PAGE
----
Suspicious of approval, Russell was a classic mad-genius loner, recording during full moons, sabotaging and ducking out of planned projects. His musical life was a series of almosts - he almost wrote an opera with Robert Wilson, almost toured with an art-rock band, almost joined Talking Heads, almost produced a rap album for a downtown bouncer who would eventually become Vin Diesel. He almost released an album of pop songs, then almost released another. Up until his death he constantly worked and reworked his unfinished tapes, riding around on the Staten Island ferry, listening to himself on a Walkman, never entirely satisfied. 

Yet despite all this, he seemed to know everyone worth knowing. In outline, Russell's biography can seem like a skeleton key to the interrelated cultural and artistic currents of the late 20th century. After an unruly childhood in the Midwest, dropping out of school and dabbling in psychedelics, he moved to San Francisco at the end of the 1960s, played his cello in the closet of a Buddhist commune and studied north Indian scales at the Ali Akbar College of Music. The early 1970s brought relocation to the other coast, an apartment in the East Village with electricity supplied by neighbour and collaborator Allen Ginsberg. He wrote extended orchestral works, played with John Cage and Philip Glass and curated concerts at the Kitchen. Then, the story goes, one night in 1977 he went to a disco and everything fell into place.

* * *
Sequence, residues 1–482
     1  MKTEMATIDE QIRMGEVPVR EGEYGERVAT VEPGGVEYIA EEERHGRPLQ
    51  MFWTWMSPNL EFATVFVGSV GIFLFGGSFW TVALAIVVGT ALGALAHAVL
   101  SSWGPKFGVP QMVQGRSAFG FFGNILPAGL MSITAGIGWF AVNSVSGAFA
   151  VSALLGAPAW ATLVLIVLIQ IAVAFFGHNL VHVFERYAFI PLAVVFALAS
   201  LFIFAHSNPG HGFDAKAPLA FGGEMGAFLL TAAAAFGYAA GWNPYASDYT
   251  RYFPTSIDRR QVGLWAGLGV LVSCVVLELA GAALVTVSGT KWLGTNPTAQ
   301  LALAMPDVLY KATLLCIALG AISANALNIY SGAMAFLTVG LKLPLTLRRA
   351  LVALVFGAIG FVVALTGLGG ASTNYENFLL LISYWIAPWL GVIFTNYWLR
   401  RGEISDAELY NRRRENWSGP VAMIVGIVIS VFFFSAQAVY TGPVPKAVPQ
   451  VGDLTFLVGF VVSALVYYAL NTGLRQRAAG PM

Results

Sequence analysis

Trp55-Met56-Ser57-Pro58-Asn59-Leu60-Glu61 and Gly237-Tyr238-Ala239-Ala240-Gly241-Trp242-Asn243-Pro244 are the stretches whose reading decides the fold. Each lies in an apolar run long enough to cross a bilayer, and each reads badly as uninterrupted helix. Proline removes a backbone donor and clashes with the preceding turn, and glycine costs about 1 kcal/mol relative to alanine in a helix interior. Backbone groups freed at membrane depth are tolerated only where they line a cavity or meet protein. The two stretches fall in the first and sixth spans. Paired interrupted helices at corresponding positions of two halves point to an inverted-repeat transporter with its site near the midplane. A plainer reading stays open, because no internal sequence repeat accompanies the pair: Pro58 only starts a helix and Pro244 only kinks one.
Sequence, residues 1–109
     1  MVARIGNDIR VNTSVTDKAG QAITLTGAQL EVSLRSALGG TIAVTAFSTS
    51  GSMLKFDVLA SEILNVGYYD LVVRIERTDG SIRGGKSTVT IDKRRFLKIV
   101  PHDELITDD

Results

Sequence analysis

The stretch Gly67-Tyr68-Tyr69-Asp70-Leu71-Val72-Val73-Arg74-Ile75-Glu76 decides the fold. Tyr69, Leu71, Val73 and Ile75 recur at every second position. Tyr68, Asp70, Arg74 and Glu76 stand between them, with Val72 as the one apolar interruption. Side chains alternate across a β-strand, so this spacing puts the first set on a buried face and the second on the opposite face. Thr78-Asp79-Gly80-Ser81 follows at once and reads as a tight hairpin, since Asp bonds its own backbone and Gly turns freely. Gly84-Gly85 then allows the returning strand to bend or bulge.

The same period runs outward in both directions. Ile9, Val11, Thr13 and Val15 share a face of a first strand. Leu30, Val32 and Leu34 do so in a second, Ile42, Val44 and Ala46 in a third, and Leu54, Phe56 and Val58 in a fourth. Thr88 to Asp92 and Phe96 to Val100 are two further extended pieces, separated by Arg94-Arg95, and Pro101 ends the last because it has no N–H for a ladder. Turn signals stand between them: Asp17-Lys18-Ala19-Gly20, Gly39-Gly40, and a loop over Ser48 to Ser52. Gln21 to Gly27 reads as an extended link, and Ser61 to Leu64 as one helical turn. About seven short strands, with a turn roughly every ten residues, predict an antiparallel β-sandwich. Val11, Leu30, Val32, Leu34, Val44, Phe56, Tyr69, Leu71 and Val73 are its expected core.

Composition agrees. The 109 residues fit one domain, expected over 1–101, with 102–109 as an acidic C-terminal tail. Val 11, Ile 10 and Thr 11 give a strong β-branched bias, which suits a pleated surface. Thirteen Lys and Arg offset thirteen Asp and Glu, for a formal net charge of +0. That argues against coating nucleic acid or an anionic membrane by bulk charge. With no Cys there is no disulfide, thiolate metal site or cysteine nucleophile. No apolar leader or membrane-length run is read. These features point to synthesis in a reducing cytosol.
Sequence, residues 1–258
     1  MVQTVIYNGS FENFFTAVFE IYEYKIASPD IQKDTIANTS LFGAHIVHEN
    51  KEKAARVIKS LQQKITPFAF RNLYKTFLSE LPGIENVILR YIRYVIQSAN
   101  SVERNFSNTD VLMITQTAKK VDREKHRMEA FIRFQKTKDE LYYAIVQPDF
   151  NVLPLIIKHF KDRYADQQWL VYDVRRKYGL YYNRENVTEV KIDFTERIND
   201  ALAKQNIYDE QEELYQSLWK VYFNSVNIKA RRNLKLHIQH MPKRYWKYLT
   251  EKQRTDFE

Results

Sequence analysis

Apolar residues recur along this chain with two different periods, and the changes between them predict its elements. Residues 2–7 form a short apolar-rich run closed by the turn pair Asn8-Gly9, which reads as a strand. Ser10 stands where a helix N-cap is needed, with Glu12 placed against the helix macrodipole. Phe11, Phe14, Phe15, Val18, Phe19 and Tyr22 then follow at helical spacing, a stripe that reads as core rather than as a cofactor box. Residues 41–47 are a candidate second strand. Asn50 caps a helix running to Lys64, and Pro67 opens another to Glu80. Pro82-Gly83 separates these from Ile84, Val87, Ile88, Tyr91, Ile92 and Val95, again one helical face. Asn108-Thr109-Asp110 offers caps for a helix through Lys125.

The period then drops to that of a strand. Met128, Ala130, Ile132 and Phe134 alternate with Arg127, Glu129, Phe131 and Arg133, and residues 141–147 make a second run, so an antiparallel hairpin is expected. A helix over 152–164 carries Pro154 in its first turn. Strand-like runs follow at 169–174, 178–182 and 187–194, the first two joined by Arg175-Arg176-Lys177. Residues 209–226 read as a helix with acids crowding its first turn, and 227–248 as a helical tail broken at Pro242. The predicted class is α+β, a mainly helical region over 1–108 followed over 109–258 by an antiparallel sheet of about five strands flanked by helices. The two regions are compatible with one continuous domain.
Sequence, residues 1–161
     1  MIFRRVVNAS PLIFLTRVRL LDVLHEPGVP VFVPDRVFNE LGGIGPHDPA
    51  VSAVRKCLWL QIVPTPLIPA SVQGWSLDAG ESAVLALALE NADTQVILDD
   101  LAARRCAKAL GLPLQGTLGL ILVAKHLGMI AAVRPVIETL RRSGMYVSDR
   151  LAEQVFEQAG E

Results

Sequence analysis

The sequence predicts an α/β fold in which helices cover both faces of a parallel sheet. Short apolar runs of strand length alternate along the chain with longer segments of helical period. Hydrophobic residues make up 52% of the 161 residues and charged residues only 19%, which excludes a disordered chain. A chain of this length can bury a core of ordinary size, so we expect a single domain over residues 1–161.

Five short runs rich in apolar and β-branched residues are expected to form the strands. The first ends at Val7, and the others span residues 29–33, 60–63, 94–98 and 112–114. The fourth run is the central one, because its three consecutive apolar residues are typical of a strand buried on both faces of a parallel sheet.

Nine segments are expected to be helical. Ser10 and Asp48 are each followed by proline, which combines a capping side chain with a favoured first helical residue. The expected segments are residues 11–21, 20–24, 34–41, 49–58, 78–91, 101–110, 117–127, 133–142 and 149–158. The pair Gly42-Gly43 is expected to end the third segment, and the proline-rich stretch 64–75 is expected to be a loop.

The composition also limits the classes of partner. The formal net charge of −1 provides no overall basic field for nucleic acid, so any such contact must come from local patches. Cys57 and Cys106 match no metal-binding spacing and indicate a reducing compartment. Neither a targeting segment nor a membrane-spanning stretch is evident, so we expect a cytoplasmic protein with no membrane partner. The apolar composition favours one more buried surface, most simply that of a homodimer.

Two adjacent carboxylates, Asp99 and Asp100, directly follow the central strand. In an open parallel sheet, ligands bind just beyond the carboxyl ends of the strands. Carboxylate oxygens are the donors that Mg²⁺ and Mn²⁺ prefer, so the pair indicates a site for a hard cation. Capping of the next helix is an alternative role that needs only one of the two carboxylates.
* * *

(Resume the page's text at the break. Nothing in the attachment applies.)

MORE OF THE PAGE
The permission and pleasure that Russell heard in dance music quickly got translated into his own joyfully goofy kitchen-sink productions. Recruiting a mixed bag of new music fellow travellers, club DJs and R&B professionals, he recorded a series of 12-inch singles and eventually started his own record label, Sleeping Bag. Chopped up and remixed into countless alternate versions, these singles - released under the names Loose Joints and Dinosaur L - became unlikely underground hits. Many of the best of these have been collected on The World of Arthur Russell (2004). The album's first song, 'Go Bang', gives a sense of the disparate sonic worlds Russell was exploring: after an echoing trombone fanfare and a skittering disco high hat, things get weird right away. Keyboards play Minimalist drones and jazz ripples, the plucked cello rubber-bands up and down the scale. There's a half-strangulated, ascending wordless cry, and the lyric begins: 'I wanna see all my friends at once.' There's a retroactive poignancy to that impossible demand, a simple yet excessive wish for companionship and simultaneity.